Caring for Your Dog After Surgery: A Checklist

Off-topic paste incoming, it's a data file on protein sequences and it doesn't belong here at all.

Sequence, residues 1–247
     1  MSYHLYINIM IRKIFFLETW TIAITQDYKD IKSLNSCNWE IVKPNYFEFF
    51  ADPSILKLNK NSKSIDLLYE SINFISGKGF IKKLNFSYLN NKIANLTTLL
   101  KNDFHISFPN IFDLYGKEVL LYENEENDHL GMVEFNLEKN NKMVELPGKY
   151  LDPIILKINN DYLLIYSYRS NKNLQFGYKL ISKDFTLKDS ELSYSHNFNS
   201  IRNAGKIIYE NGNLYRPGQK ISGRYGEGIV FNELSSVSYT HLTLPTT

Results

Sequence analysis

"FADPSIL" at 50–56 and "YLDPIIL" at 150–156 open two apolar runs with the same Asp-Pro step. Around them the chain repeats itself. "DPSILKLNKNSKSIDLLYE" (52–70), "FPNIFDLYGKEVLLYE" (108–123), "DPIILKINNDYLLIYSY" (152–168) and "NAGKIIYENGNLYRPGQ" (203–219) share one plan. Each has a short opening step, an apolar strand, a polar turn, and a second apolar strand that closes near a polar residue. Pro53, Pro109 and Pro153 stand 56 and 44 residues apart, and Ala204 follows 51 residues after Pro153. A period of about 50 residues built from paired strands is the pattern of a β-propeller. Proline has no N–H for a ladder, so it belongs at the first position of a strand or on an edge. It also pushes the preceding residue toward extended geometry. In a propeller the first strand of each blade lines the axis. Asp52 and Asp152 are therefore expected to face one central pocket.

Caring for your dog after surgery is just as important as the surgery itself. Improper care post-surgery has the potential to cause infection and unnecessary pain and suffering for your dog. In addition, proper post-surgery care is crucial to healing. Following your vets instructions for caring for your dog after the procedure to the letter will ensure that your pet cane resume his normal active lifestyle as quickly as possible. How to Care for your Pet after Surgery Depending on the type of surgery, your vet will have very specific instructions. The post-surgery instructions for a dental procedure may be quite different from spay/neuter post surgery instructions. That said, there are a number of post-surgery instructions that are common for just about every type of dog surgery. These include: * Limit activity * Limit food and water consumption * Do not allow the dog to aggravate the wound area * Keep an eye on sutures Just like humans, pets can be irritable, weak, and groggy after surgery. Doing too much too soon can lead to major setbacks in the recovery process. It is important to monitor your dog’s activity carefully, meaning, limit all activity. Do not allow him to jump, run, and play under any circumstances immediately following surgery. Crating or confining the pet to a small (toyless) room might be necessary. Limiting activity can also prevent nausea and/or rupturing sutures. It is important to limit food and water consumption as well, which will allow your dog to readjust slowly. Over consumption too soon after surgery is sure to cause an upset stomach or even vomiting. The wound area post-surgery warrants special attention. Do not allow your dog to aggravate the wound area as this can lead to infection, bleeding, opening of sutures, pain, and oozing. This can also slow down the recovery process tremendously. Each day you should check for redness, drainage or swelling to make sure the wound is healing properly and that your pet is not chewing or licking the area. You will have to keep an eye on sutures for at least 10 days -- the typical amount of time sutures remain in place. If you suspect that your dog just won't be able to avoid licking or chewing the wound area, you can use an "Elizabethan collar" around his neck. You can purchase it from your vet or at any pet store. Other Post-Surgery Instructions When leaving the hospital important to use a carrier to prevent additional injury on your canine. Once you arrive at home, make sure your pet's sleeping area is clean and free of drafts. The warmer the area the better -- but not too hot! If your vet has provided medications, follow dosage instructions to the letter. In addition, all post-surgery diet instructions must be followed carefully to prevent everything from vomiting and nausea to upset stomach.